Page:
As we approach the middle of February, you may have realized that your resolutions you made at the beginning of the year (if you made any) have mostly fallen by the wayside. Congratulations! You’re normal, just like the rest of us. Don’t feel bad. Resolutions don’t tend to work because we set our sights too high and have trouble following through when we don’t see immediate results that encourage us to keep going. And we lead such busy lives that when we stretch too far to set a resolutions, it often isn’t sustainable within the context of our daily schedules.
So now it’s time to get real about setting your actual goals for 2018. There’s still plenty of time to start them and accomplish them if you start now. A goal is a long-term plan that includes an end point and stops along the way to check in. It is usually set by thinking about where we are now and where we would like to be with a completion date. It also is a very specific and measurable proposition that you can use to determine your progress along the way. It may involve a gradual lifestyle change or finishing a project you’ve been putting off but really want to do or even a self-development plan.
The best way to set a goal is to start at the accomplishment of it and work backwards to today. Choose one goal at a time and envision it exactly so you can decide specifically what you would like to be, have, or do once you are finished. Detail is important here because it allows you to see all the steps along the way more clearly.
Once you have your goal in mind, break it down into its smallest parts and sub-parts. Breaking it down will allow you to map out each step you will need to make and also make a larger goal feel less overwhelming. It will also allow you to see where to begin. I suggest beginning in the area where you have the most excitement because passion is a great motivator for the rest of the goal. This also makes it feel more possible to achieve.
After you have broken the main goal down into smaller goals and steps along the way, you can more easily plan out what you will do and place them on the timeline you will plan to follow. Having a timeline is a big step towards accountability to yourself and accomplishing your ultimate goal. It allows you to check in and measure how far you have come at several points along the way. Make sure, however, that your expectations of yourself are actually achievable in the amount of time you have given yourself, because setting your sights too high is a great way to get discouraged and throw the whole thing out.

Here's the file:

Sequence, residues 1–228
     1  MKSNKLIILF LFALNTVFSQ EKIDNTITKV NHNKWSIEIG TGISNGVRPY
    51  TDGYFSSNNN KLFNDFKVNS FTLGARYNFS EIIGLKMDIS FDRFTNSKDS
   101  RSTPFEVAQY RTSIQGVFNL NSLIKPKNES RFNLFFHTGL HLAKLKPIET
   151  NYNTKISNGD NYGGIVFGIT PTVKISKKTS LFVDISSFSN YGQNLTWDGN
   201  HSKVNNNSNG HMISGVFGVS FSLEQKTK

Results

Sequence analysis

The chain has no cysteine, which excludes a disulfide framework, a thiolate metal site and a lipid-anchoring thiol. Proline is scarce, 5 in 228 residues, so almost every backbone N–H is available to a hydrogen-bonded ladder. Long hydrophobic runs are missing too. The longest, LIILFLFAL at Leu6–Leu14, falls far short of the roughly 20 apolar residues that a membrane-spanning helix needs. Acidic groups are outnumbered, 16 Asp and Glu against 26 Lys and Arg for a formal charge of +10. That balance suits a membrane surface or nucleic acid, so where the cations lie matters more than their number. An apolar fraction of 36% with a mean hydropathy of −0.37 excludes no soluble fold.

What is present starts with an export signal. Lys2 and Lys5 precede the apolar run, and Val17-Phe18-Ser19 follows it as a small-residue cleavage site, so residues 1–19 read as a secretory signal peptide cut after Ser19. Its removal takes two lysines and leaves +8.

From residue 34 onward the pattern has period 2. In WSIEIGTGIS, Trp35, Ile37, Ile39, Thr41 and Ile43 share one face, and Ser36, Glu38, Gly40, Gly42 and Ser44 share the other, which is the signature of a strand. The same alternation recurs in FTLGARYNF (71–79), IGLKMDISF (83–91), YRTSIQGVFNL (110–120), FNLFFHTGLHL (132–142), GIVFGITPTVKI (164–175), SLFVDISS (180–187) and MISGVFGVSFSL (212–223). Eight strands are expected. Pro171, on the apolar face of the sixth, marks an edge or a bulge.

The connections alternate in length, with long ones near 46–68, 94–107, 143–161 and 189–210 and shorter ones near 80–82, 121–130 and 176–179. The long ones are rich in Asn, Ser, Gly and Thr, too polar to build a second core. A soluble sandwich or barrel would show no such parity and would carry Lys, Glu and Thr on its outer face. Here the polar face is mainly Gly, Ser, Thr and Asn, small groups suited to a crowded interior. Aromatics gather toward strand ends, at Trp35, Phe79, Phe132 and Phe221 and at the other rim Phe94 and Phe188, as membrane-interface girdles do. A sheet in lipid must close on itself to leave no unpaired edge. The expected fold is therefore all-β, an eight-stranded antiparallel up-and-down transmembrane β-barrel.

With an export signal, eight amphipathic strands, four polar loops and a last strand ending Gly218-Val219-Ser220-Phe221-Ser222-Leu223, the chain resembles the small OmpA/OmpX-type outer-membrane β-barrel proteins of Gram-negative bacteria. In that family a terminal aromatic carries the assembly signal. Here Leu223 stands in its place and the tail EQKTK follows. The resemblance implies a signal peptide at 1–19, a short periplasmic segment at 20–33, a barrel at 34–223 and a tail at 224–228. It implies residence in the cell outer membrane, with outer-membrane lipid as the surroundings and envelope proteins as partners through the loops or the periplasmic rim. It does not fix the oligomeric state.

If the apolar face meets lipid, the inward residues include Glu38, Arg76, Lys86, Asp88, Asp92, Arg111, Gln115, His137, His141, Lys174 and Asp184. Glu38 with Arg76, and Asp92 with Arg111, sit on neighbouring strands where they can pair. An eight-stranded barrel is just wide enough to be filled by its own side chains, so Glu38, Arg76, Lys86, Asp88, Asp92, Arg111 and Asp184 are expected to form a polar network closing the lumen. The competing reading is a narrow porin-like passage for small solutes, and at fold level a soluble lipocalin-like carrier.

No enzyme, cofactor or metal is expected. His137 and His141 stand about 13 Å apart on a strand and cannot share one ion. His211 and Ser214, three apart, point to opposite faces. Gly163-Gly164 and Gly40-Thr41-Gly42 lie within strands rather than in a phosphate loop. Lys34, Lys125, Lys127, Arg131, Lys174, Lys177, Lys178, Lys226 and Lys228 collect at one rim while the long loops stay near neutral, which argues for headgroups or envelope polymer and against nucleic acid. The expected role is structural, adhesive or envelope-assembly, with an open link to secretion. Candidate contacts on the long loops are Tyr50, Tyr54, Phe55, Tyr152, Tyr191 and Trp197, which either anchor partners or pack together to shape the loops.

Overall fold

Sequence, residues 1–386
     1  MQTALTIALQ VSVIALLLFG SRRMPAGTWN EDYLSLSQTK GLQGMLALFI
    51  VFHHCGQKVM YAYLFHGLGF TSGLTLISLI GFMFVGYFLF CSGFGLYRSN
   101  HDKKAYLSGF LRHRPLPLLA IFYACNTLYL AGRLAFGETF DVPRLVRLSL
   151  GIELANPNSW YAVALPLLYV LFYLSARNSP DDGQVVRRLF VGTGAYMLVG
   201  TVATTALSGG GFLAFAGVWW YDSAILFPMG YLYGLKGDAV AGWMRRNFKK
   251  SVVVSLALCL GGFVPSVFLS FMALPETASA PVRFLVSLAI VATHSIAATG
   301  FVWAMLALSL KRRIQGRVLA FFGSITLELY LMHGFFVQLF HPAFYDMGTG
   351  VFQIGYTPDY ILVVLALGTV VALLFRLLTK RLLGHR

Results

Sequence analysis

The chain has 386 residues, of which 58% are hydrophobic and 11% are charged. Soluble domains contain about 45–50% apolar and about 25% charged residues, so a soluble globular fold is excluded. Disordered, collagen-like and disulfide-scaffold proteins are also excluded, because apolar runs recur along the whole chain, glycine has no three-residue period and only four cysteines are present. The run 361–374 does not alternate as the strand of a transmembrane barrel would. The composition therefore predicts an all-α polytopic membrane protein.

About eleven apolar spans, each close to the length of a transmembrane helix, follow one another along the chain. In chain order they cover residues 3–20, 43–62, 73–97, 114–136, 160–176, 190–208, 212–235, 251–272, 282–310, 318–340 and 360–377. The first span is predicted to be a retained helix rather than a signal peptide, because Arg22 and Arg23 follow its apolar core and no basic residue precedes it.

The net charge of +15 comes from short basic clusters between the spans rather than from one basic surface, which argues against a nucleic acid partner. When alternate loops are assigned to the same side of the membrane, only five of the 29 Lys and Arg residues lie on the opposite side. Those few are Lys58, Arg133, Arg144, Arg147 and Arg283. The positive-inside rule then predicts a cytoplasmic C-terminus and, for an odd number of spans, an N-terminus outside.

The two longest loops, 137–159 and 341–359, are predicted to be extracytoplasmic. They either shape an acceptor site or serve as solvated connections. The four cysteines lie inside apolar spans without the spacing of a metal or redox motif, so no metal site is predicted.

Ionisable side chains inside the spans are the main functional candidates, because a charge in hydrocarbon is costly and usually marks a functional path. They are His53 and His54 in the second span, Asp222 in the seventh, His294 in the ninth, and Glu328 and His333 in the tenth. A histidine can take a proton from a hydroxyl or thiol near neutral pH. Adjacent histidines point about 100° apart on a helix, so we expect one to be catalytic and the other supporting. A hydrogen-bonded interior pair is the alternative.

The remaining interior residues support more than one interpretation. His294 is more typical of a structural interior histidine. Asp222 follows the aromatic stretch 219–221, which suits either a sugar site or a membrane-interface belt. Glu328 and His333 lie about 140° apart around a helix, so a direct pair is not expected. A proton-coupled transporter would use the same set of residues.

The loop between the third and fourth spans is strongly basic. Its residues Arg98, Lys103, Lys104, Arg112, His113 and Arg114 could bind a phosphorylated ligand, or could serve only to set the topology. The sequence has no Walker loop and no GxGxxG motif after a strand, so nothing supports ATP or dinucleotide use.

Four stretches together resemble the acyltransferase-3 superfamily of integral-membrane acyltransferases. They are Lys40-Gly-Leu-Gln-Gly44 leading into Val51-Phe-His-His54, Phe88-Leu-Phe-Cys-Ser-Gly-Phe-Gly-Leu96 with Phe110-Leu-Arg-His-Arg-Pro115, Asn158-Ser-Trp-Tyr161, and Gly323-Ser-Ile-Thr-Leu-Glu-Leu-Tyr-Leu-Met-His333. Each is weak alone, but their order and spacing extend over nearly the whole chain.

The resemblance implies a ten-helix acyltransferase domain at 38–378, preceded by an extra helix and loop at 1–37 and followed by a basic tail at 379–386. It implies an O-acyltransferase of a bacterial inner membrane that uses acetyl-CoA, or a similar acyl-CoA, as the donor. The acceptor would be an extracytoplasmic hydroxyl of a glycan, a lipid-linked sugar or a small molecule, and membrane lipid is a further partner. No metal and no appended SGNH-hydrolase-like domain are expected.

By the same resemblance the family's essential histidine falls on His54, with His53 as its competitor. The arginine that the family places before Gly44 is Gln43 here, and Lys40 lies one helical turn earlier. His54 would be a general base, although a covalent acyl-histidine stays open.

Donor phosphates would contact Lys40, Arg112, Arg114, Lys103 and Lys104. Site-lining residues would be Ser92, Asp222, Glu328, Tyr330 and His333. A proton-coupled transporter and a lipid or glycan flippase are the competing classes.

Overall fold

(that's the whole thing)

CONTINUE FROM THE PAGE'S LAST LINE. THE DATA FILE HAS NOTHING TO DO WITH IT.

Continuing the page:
Once you’ve set your goal and your timeline, find an accountability partner. This is someone you will tell about your goal and all of the steps. This is someone who will encourage you when you’re feeling down and also push you when you slack off. Maybe you could do the same for them. Your accountability partner is someone you plan to check in with regularly and who is interested in helping you complete your goal. Use this person to help you throughout the process.
The final step in goal-setting is to make sure you reward yourself once your goal is accomplished. There must be a way to mark your end point, and it is important to celebrate all of your hard work. You deserve it!
*One final note about setting goals: Sometimes when we’ve embarked on a journey to complete a goal, especially a big one, we find that something has changed. It could be that we want something differently than before or that the goal simply doesn’t fit the lifestyle we want to be in now. It may be time to set a new goal or simply make a course correction. This is where a good accountability partner can be invaluable. They can help you ascertain if you are giving up too easily or pushing too hard in the wrong direction, neither of which is good. And remember, find a good coach if you’re having trouble setting, meeting, or being accountable to your goals. Someone with your best interests at heart is the best accountability partner you can find!